Pullbox Reviews: Titan- Life, labor, & love… in space

The mining colony of Homestead Station, established over a century ago, has been tasked with processing hydrocarbons for use in the production of carbon-based energy. To handle the work under the harsh conditions of Saturn’s moon, a workforce of genetically engineered beings was established. Larger, stronger, and more durable than normal humans, the Titans were perfectly suited to their work. However the very attributes that would allow them to survive on the moon that was to be their new home & namesake, the Titans would never be able to set foot on Earth where the greater gravity would crush them under their own mass. As technology and the increasing need for efficient energy production progressed, Homestead began to fall behind and the futures of its over fifty thousand employees was questionable at best.

With his arrival on Homestead Station, Manager Joao Da Silva didn’t know what kind of uphill battle he had waiting for him. Sent to Homestead to evaluate the colony’s operational efficiency, he was fairly certain that a shutdown was a forgone conclusion. Homestead’s closing might be delayed, but nothing short of a miracle was going to keep it open for the long-term. Once he had the chance to actually see how things were run, to interact with the local work force, his suspicions seemed to be confirmed. What did change his perspective was a growing relationship with Phoebe Mackintosh, the Titan’s union representative assigned to work with him during his stay.

At first glance, Titan would be too easily compared to The Expanse (probably some of the best science fiction currently being written). But where The Expanse deals primarily in the political manipulations and power plays surrounding the colonization of space, Titan deals mainly in the relationships between and among those working on the front lines of energy production, and corporate management. What I liked about those relationships was that Francois Vigneault didn’t opt for the easier road by installing the corporation as the bad guys out of hand. Vigneault’s narrative shows both sides, predictably at odds and each with their own perspectives, working through a realistic series of negotiations. The fact is that labor and management can’t hope to maintain any sort of working relationship if they’re constantly at odds, and once that pressure starts to accumulate it’s going to have to go somewhere.

Where Vigneault does take an easier route to the heart of his story is in the relationship between Joao & Phoebe. The two start out on pretty shaky ground, not having much in the way of similarities or trust to speak of. What plays out between them, growing closer as they discover common ground, is sort of a parallel to the larger story of corporate/labor relations coming together (yeah… there might be a little bit of innuendo in there somewhere). Vigneault lets Joao & Phoebe build up to their… combustion… naturally, giving away hints of a possible attraction early on but never blatantly pushing the story in that direction.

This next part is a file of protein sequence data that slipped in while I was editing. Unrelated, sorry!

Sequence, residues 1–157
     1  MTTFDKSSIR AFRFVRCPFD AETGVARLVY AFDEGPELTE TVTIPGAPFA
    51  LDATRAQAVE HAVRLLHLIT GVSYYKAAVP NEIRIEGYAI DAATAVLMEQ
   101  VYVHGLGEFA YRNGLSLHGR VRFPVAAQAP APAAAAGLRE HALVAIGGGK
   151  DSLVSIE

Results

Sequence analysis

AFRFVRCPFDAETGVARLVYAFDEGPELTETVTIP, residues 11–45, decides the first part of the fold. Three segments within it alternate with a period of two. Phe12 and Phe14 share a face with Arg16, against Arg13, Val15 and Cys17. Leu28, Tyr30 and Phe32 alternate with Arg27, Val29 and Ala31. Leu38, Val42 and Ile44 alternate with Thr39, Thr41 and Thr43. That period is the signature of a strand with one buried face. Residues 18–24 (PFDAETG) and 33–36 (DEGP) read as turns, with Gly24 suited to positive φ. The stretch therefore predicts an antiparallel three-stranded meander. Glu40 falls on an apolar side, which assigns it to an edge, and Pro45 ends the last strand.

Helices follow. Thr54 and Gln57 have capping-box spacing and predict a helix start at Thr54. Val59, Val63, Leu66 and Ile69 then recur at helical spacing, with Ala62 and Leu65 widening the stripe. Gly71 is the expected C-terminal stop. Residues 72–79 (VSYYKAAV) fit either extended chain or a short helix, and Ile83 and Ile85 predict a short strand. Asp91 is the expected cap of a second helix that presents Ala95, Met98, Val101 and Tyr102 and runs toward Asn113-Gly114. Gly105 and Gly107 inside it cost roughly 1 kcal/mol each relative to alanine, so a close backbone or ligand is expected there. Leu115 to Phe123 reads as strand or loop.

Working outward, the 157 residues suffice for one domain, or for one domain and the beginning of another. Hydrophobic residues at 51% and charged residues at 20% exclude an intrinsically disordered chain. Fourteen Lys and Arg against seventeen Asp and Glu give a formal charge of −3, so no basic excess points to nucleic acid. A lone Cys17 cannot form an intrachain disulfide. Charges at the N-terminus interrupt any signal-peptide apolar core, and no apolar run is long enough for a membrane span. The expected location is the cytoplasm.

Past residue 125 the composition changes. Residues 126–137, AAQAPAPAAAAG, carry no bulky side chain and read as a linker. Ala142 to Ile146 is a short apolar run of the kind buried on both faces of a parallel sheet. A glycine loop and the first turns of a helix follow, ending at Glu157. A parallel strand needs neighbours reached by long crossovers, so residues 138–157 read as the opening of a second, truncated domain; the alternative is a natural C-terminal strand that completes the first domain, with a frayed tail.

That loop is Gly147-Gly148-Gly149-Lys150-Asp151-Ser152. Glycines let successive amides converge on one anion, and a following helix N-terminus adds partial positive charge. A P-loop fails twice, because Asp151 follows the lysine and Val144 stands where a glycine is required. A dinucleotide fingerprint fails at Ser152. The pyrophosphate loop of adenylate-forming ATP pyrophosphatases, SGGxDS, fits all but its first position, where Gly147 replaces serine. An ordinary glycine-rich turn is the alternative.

The artwork on Titan, also by Francois Vigneault, isn’t in a style that most readers might associate with science fiction. Typically, sci fi is thought of in terms of straight lines & sharper angles, with a color palette steeped in steely gray tones. Vigneault’s style is softer and more like what you might see in a much less serious comic. It’s all curving line work colored in a wholly uncharacteristic black/white/pink combo, not at all conventional for a story like this, so it may take some getting used to for readers more used to what they see in most western comics. What is obvious in Vigneault’s work are the sharp differences between the Terrans & Titans in his story, not just in terms of size but in the overall accumulation of wear and tear evident among the workers.

The combination of skillful writing & unconventional artwork serves at the very least to set Titan apart from other comics on the shelf. For readers who look past the style of the art, there will be some themes that go a little deeper. There are fewer explosions (at first) & more focus on interpersonal relations as people figure out where their similarities outweigh their differences, as well as the resistance to that kind of change in thinking.

Final Score: 9/13

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